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Re: Thailand? You said? RE: Population
On Fri, 22 May 1998, Antony Joseph wrote:
> But have you looked at Kerala in India? Somehow it seems to defy your
> model. The local govt there has made a massive effort to educate the masses.
All studies so far have yielded critical roles to (a) health
infrastructure (infant mortality declines), (b) education, particularly
the education of women, (c) rapid income increases, (d) urbanization, and
(e) supply and cost of contraception.
All models control for all these variables - and more, of course. The only
difference is in the relative importance on a particular variable in a
particular state, region, or nation. The reasons for that could be
completely local, like the quality of health care or the quality of
education, or the influence of political leadership, which is not easy
(though not impossible) to capture in statistical exercises.
Given that in India, contraception is available virtually at zero cost
(there are psychic costs, which of course need to be lowered through
greater publicity and education), the other variables need much more
attention. Finally, the Thai study - which simply adds to other models,
clearly indicates that economic needs DO drive fertility in a very big
way, and that parents need to be convinced of the use of investing in
education on their children.
There are three essential components of these models:
a) demand for children (for old age security or insurance, for other
economic returns: strongly affected by income growth, educational status,
b) supply of children (primarily the situation of infant mortality in a
state or nation)
c) cost of contraception (whether modern methods are avaialable cheaply
and easily, and people know how to use them)
The point I was making was that **simply** supplying contraception or
telling people about the advantages of a small family will simply not help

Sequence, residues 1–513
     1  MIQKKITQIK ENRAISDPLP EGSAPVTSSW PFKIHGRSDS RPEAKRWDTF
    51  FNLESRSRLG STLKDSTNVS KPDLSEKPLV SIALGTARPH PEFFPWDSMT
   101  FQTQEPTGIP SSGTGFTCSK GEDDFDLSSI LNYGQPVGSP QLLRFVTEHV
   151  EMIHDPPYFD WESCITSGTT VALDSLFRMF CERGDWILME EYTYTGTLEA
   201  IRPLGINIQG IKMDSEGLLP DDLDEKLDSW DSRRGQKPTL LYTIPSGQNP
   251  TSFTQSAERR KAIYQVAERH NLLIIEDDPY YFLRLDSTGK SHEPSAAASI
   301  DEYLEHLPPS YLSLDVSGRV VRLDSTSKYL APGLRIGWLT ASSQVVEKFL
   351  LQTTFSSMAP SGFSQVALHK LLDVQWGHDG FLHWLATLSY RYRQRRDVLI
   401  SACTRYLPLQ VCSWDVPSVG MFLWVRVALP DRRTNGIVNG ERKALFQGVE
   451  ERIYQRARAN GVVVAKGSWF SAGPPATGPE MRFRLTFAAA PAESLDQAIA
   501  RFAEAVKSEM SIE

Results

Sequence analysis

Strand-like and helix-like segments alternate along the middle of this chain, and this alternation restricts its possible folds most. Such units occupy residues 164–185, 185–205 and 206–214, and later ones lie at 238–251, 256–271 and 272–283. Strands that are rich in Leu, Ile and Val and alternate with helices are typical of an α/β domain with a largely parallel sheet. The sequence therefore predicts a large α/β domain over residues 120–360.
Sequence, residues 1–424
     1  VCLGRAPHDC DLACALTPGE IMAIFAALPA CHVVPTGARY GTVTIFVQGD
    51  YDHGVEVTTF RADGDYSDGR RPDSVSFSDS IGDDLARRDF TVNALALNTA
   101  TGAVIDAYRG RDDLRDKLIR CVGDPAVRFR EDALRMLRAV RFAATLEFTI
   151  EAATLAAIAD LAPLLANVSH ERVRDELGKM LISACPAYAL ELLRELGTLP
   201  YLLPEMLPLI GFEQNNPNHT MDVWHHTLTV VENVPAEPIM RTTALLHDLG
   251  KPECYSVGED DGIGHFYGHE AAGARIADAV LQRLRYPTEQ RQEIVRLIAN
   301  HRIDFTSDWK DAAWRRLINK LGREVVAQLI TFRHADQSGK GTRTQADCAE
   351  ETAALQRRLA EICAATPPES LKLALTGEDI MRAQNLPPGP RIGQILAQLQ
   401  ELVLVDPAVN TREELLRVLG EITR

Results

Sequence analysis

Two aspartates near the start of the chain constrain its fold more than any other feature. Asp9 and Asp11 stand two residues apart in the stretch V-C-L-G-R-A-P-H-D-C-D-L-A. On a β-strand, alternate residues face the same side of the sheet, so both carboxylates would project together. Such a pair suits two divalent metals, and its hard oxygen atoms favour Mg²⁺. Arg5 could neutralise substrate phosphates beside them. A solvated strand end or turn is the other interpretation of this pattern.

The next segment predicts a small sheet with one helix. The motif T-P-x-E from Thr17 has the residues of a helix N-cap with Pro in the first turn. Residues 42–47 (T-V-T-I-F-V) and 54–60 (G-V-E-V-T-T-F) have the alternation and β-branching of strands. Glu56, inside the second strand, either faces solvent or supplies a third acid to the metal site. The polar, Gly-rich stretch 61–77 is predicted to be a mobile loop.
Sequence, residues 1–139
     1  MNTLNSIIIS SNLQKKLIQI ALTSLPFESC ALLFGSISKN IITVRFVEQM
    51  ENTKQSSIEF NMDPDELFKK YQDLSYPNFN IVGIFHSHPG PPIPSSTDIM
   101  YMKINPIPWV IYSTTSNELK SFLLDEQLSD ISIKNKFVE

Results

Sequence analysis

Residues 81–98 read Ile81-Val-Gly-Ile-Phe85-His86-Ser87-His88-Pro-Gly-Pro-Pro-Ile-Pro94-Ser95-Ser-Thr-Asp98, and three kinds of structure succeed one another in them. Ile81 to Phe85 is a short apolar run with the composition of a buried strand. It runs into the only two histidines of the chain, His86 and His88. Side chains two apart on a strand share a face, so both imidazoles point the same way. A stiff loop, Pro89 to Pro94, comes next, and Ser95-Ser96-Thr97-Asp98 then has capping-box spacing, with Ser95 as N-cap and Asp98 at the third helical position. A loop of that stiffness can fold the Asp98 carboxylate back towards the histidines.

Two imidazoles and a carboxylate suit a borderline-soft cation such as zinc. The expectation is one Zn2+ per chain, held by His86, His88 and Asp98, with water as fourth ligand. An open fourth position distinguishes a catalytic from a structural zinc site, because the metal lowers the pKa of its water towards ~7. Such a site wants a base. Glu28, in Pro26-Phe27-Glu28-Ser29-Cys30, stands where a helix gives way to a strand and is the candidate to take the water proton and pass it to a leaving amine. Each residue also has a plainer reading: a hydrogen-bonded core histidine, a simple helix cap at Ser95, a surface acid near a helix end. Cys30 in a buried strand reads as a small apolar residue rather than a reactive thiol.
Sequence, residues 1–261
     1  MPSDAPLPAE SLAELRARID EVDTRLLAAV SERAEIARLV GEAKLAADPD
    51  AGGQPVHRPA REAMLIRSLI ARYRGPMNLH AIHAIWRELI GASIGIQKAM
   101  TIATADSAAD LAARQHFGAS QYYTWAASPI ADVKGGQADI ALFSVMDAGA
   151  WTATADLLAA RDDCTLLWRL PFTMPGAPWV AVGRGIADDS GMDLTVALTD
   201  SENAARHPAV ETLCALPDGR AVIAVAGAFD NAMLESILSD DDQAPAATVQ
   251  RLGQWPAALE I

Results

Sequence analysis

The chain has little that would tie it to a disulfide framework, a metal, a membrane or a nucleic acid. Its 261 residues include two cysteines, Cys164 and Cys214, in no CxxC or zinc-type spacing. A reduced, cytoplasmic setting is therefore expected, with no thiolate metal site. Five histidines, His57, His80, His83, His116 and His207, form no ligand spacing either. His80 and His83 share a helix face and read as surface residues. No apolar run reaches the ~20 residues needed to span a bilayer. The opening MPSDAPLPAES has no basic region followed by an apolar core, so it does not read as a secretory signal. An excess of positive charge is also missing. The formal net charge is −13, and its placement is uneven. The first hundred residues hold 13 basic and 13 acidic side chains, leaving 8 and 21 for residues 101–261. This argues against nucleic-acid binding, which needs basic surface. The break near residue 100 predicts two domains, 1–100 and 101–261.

- beyond a very limited point. The demand has to be lowered, severely. The
most influential policy for lowering demand is rapid economic growth.
Educating people helps, but is perhaps not the constraining factor. In
fact, what was observed in Thailand (an almost amazing drop, like a rock,
of fertility) has been observed throughout the rapidly expanding SE
tigers. The following data from p.40 of "The East Asian Miracle" by the
World Bank (1993) illustrates some of this:
Country Average annual growth of population
"Capitalist model of competition and rapid economic growth"
S. Korea 2.6 1.1
Thailand 3.1 1.8
Hong Kong 2.5 1.4
"Socialist model of lecturing to people and expecting them to have
lesser children in the 'public interest'"
India 2.3 2.1
Pakistan 2.8 3.1
Bangladesh 2.5 2.3
Believe me, there are no secrets now. The results of 35 years of
experimentation in the developing countries, are out in the open. We need
to pick up these results, explain them to the people, and use the results.
> My appreciation to the leaders of this discussion who have
> been strongly resisting the pulls from different debators to move towards
> policital activitism.
a) There are no 'leaders' or followers. Each person represents himself or
herself. I accept no leaders and you should not, too. Everyone has to
think for themselves. We are a nation of One.
b) Political activism per se, is not an answer. A clear vision is vital
before any action can be taken. As we can see, many of us differ on the
basic importance or mechanics of how the social and economic reality
operates. These differences need to be ironed out to a large extent before
the next stage. Each of us would then be able to take the message out and
debate further, a precurser to action.
If at the end of these debates, we do agree to the set of policies that
can stop about 200,000,000 people [*] from being born in India in the next
50 years, while fully respecting each individual's optimal decision and
freedom, while removing poverty, and while taking per capital incomes to
levels close to what is found in S.Korea today, then we will be BOUND to
act to bring about this different and better India.
Sitting still, **after** these debates, would not help.
[* Please correct the data in the previous mail: India's min. populatioin
in 2051 is about 1.55 billion and the max. expected is about 1.75 billion,
as per the Population Reference Bureau]